Thursday, October 24, 2013

Obamacare Tower of Babble

As TV talking heads explain in cyberspeak the superglitches of the ACA rollout, the mind reels. We are back in a Biblical confusion of tongues, an inability to comprehend language that was visited on the builders of the Tower of Babel.

Republican true believers, of course, see this as just retribution for the blasphemy of Obamacare, but the less pious can only wonder at how the most tech-savvy White House ever blundered so badly on the introduction of its signature accomplishment.

People who sent me a million e-mails since I first expressed interest in Barack Obama seven years ago somehow expected the complicated rollout of a 2000-page law passed two years ago with all its moving parts to be accomplished in a few months, a mistake that passeth understanding and now has even Democrats calling for heads to roll.

What does it mean beyond another round of partisan acrimony now that the bitterness of the government shutdown is out of the news?

Everyone now agrees the White House should have started sooner, but more than hubris is involved. For those who wanted a more sensible single-payer system, a Medicare-for-All answer to the back-breaking problem of private insurers who rake off so many of the dollars spent on health care, the sight is heart-breaking.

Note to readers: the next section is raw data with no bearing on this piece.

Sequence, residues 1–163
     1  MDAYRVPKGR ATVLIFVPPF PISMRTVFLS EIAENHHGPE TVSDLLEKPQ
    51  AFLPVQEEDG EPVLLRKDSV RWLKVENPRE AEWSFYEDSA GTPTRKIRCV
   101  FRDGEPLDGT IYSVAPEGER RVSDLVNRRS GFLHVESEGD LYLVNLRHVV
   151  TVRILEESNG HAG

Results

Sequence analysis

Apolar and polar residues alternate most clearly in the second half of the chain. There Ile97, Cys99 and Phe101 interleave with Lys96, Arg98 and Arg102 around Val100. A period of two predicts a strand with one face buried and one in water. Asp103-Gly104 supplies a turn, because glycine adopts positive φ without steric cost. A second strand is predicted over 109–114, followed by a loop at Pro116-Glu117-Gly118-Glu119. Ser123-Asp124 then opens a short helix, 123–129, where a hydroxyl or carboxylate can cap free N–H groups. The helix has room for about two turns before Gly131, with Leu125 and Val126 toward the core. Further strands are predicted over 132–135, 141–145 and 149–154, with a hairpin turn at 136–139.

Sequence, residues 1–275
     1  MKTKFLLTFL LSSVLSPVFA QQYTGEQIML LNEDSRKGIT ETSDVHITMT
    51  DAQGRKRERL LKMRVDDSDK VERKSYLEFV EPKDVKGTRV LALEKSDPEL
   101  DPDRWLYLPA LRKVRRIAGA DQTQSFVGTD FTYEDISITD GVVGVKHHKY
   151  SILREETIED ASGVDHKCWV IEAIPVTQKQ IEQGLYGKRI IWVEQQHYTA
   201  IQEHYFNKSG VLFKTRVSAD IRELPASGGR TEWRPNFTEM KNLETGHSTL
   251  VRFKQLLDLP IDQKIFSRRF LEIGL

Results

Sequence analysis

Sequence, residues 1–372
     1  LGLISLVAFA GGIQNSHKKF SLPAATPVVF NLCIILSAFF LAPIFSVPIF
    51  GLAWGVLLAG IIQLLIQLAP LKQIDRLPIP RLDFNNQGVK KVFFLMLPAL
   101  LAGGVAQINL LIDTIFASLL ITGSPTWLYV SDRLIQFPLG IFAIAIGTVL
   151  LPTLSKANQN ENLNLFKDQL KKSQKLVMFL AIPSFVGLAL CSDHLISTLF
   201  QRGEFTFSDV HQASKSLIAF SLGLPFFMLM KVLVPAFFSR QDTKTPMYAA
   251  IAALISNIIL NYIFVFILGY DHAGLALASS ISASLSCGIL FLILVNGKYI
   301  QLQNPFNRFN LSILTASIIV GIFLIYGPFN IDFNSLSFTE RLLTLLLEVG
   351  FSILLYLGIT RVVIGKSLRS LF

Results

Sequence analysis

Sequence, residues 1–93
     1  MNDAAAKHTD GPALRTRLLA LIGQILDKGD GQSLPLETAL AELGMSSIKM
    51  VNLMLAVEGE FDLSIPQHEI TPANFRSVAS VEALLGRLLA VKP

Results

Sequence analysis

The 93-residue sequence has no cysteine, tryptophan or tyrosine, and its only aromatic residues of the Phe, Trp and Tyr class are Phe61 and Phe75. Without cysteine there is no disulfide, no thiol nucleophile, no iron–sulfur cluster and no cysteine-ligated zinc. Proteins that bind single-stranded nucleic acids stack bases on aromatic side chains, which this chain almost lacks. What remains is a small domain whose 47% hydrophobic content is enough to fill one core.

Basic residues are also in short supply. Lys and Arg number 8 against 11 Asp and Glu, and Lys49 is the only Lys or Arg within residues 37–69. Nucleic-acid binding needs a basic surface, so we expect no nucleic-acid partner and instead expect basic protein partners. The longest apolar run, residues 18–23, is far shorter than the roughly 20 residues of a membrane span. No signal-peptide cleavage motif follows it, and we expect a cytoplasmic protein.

In this political Tower of Babble in which we live now, is our political system capable of producing anything constructive, or are we doomed to creating only monstrosities and then fighting over how to make them humanly beneficial?

As the White House tweaks away, the ACA will surely eventually start to enroll the uninsured and slowly benefit American health care for those who have been shut out or overcharged. The bugs will go away, and the body politic will recover from the wounds.

But Americans have never been stupid, and they are better-educated and better-informed now than previous generations. Incompetence has never been the main problem, and it isn’t now. Until we get back to governing with relative sanity, mental health will continue to be the obvious national diagnosis.

1 comment:

GRCOH said...

From what I've been able to more or less understand the fatal flaw was the decision to require visitors to the website to register before "shopping" for quotes. As my old boss used to tell me, "That was a good idea but it just wasn't worth a damn."